Of course, S.P. Singh is not willing to blame the new DD chief: "I don't think such things can ever be the handiwork of the director-general. He is too senior to deal with such day-to-day affairs. These are simply professional hazards that all journalists, even those in the print media, have to live with." But isn't he worried that private newscasts on Doordarshan might be increasingly targeted in the run-up to the elections? "Private newscasts, as a concept, are here to stay. The clock can't be put back now. It can only go forward," says Singh.

According to Mandi House sources, Basu had become "politically inconvenient of late". During his 32-month tenure, he lost no opportunity to assert his right to run Doordarshan on strictly professional lines. So, offhand instructions from people claiming to be speaking on behalf of the I&B minister would be tactfully deflected time and again. "He had set the Doordarshan agenda after much thought and was, therefore, in no mood to let anybody mess around with it," says a DD official.

Clearly, Basu wasn't the man who could be relied on to safeguard the political interests of Rao. Sarma, on the other hand, has more "reliable" credentials. At least on paper. Before coming to the I&B Ministry weeks after Sangma took over in Shastri Bhawan, he was joint secretary, labour, the minister's previous portfolio. Sarma also served directly under Rao when the latter was human resource development minister in Rajiv Gandhi's cabinet.

Yet, until Basu was suddenly shunted out of Mandi House, the firm belief among bureaucracy-watchers was that even after being promoted to the rank of secretary he would be asked to continue as Doordarshan DG until the retirement of I&B Secretary Bhaskar Ghose so that he could eventually take over as the ministry's top bureaucrat. In fact, even now, some officials feel that Basu's transfer to DOE is only a ploy, a short-term move. "It is an unwritten rule," says one official, "that an additional secretary is never promoted to the rank of secretary within the same ministry. So Basu has been moved out to facilitate his return as I&B secretary."

K. Bikram Singh, president of the North Indian Filmmakers' Association, whose serial Kahin Ek Gaon is currently being aired on DD's national network, is rather baffled by Basu's exit. "Bhaskar Ghose is going away soon. Basu should have been brought in because of his experience. He is, after all, a man with a broad vision," he says. He cites the precedent of Suresh Mathur, who was a joint secretary in the I&B Ministry and was brought back as secretary after a break.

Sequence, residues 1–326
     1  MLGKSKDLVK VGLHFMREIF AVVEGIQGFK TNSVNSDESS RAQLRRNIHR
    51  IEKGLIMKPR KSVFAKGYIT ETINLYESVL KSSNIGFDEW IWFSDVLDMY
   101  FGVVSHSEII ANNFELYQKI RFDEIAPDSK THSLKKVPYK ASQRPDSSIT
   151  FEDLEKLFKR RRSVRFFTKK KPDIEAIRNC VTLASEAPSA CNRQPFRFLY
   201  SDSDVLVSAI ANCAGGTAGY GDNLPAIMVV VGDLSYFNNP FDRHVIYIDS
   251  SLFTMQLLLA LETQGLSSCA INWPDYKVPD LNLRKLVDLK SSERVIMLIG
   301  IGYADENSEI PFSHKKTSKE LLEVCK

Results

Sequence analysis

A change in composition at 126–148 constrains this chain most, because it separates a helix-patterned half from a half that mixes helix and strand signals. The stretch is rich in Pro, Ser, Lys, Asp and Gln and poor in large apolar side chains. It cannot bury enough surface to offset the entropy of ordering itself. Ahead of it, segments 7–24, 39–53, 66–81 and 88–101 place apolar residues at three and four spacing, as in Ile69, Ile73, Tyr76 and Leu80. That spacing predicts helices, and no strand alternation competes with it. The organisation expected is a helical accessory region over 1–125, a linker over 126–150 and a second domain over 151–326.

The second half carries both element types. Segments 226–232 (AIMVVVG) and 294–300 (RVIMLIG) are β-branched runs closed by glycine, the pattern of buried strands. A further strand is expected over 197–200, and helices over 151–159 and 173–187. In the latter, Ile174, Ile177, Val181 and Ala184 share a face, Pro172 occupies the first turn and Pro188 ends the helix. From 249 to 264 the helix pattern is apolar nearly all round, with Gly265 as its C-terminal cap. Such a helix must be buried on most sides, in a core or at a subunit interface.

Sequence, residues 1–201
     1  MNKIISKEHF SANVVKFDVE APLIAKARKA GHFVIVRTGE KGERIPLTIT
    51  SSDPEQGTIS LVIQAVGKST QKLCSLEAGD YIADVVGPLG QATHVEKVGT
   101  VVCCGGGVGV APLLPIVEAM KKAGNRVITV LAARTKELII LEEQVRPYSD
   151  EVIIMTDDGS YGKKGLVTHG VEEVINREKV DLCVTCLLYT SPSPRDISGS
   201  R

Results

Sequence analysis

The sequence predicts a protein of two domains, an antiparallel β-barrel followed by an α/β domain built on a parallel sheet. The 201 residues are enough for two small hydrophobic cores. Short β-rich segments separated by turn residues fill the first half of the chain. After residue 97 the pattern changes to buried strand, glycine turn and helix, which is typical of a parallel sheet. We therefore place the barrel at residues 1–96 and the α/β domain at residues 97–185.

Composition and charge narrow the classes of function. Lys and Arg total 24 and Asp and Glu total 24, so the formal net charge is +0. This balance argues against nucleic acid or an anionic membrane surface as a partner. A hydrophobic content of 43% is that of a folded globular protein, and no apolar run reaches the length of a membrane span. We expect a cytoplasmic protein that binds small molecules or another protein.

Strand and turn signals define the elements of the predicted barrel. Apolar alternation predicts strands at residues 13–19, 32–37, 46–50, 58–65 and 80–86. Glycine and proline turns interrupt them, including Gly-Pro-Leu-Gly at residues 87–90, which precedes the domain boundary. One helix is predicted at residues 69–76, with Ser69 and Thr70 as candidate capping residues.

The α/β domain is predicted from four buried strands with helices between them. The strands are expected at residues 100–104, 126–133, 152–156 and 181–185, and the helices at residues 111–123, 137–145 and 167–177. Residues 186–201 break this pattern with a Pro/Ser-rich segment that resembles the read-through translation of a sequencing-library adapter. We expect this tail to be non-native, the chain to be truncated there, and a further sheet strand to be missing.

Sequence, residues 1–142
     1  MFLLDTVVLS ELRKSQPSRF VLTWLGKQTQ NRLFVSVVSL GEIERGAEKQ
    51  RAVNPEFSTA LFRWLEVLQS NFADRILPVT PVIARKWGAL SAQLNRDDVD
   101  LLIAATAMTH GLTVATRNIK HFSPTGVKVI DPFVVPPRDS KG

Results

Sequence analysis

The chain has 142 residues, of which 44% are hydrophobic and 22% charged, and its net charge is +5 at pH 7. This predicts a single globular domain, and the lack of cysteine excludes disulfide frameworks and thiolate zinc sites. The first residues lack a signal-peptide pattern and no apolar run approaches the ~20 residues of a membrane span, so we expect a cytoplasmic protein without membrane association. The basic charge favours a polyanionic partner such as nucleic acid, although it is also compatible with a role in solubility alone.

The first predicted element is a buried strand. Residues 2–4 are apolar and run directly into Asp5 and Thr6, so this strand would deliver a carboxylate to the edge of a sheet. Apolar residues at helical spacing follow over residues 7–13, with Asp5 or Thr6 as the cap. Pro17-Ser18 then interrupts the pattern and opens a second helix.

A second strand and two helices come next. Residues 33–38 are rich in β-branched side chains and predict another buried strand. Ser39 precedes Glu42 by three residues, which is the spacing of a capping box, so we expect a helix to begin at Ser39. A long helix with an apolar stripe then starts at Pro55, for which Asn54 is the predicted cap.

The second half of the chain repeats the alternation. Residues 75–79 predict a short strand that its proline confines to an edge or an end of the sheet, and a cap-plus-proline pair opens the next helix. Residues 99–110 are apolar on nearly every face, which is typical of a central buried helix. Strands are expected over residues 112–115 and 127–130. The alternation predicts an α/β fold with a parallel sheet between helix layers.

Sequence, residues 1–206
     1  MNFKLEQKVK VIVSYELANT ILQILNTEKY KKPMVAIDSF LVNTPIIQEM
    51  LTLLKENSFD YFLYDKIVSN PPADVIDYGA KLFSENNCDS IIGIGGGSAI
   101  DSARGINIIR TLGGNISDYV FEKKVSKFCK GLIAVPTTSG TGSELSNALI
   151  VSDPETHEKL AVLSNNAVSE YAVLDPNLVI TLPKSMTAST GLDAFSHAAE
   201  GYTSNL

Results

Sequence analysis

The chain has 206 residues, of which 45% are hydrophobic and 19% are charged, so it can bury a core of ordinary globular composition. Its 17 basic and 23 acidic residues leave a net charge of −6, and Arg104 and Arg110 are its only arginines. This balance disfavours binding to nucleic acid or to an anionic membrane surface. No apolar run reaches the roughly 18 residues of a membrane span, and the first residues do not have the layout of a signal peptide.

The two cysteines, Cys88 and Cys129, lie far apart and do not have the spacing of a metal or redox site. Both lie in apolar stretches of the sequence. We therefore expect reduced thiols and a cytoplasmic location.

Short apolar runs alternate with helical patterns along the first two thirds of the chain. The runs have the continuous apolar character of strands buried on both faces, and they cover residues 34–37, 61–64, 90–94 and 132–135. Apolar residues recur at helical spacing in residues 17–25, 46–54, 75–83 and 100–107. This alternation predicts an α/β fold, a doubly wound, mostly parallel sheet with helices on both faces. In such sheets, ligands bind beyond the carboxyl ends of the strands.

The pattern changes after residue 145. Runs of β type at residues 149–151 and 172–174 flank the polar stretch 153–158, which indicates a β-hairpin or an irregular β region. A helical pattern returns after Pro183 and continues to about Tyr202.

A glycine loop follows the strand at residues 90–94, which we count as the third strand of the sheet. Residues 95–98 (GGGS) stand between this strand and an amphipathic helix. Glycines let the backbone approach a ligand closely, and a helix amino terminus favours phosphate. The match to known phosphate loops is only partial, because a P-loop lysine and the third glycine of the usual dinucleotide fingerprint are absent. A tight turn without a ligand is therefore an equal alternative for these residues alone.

Sangma, on his part, has reportedly told people close to him that he would like to continue making use of Basu's experience and expertise. But how he intends to do that is not clear. At the same time, a move is afoot to regularise Sarma as Doordarshan DG, which will make him the first full-fledged DD chief since Shiv Sharma retired in the early '90s. All incumbents since then, including Shashikant Kapoor, have served in an acting capacity.

Another line of thinking rules out the possibility of Basu returning to the I&B Ministry in the near future. Ghose, who is due to retire in less than a month, is likely to get a year's extension. The relevant file is already in the office of Margaret Alva, Minister of State for Personnel and Public Grievances, and a decision is expected within the next two weeks. And if Ghose gets an extension, it could well enable him to continue for at least two more years because the Fifth Pay Commission is expected to increase the retirement age to 60 years by mid-1996.

But will the new lease of life that Basu gave Doordarshan get the extension it deserves? It is now entirely up to Sarma to select the right buttons to press.